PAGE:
MARQUARDT, JOACHIM (1812-1882), German historian and writer on Roman antiquities, was born at Danzig on the 19th of April 1812. He studied at Berlin and Leipzig, held various educational appointments from 1833 onwards at Berlin, Danzig and Posen, and became in 1859 head of the gymnasium in Gotha, where he died on the 30th of November 1882. The dedication of his treatise Historiae equitum romanorum libri quatuor (1841) to Lachmann led to his being recommended to the publisher of W. A. Becker's Handbuch der romischen Alterthumer to continue the work on the death of the author in 1846. It took twenty years to complete, and met with such success that a new edition was soon called for. Finding himself unequal to the task single-handed, Marquardt left the preparation of the first three volumes (Romisches Staatsrecht) to Theodor Mommsen, while he himself contributed vols. iv.-vi. (Romische Slaalsvcrwaltung, 1873-1878; 2nd ed., 1881-1885, vol. v. by H. Dessau and A. von Domaszewski, vol. vi. by G. Wissowa) and vol. vii.(DasPrivatleben der Romer, 1879-1882; 2nd ed., by A. Mau, 1886). Its clearness of style, systematic arrangement and abundant references to authorities ancient and modern, will always render it valuable to the student.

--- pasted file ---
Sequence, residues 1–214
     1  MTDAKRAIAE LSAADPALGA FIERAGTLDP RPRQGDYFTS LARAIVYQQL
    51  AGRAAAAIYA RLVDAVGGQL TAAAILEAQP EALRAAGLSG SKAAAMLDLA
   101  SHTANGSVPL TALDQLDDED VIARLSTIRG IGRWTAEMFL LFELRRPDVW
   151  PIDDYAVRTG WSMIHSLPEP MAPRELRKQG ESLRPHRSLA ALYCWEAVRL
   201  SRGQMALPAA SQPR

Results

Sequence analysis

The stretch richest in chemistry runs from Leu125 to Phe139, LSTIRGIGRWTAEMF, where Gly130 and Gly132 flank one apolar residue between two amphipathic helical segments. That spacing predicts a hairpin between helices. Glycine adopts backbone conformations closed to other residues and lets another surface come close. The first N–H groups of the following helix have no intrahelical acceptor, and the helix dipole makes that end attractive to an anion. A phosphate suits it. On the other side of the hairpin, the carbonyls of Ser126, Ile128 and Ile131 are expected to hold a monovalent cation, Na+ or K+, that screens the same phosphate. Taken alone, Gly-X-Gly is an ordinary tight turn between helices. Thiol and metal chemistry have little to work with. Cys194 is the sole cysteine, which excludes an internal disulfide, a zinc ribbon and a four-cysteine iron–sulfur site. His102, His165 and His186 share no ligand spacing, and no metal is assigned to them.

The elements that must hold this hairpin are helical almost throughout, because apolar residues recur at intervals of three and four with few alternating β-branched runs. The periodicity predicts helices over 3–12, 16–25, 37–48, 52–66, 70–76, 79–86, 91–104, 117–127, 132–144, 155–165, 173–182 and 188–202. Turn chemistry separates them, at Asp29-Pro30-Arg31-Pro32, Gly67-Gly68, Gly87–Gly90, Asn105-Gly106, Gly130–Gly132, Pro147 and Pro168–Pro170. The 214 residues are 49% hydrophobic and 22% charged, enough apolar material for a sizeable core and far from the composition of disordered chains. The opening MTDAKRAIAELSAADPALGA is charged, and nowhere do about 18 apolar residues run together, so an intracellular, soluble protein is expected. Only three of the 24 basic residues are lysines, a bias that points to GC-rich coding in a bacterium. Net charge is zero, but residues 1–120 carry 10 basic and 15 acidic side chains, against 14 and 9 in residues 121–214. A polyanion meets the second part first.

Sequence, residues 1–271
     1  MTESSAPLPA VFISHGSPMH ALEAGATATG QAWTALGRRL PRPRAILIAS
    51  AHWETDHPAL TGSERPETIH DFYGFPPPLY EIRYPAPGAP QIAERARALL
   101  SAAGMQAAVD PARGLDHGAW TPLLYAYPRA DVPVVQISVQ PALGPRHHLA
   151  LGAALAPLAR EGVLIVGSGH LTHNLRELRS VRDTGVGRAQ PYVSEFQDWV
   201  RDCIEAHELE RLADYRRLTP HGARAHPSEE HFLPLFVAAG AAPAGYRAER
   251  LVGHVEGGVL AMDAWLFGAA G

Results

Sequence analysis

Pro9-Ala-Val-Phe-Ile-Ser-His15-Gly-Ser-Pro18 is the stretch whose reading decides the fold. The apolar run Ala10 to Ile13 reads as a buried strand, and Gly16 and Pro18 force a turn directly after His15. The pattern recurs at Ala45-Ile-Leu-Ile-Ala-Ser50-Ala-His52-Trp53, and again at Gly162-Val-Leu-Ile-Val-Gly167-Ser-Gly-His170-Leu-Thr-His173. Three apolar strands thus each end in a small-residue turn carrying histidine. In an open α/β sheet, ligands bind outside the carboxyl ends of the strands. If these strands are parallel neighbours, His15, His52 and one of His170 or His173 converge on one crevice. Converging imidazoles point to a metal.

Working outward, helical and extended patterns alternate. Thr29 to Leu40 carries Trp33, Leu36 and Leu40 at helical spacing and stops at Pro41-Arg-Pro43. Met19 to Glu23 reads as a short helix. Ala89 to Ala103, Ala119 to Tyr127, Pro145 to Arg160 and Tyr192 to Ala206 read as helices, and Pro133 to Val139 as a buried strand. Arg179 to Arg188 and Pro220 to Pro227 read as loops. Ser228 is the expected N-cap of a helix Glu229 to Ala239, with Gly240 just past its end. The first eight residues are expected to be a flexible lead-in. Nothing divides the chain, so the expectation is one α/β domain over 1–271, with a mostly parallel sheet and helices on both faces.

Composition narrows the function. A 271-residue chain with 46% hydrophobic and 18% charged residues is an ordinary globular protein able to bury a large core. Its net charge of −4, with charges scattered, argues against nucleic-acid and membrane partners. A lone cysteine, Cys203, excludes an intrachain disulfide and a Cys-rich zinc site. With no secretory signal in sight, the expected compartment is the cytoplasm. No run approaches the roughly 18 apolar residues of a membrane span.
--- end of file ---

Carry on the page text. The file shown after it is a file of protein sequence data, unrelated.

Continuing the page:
See E. Forstemann in Allgemeine deutsche Biographie, Bd. XX; R. Ehwald, Gedachtnisrede (progr. Gotha, 1883).
Note - this article incorporates content from Encyclopaedia Britannica, Eleventh Edition, (1910-1911)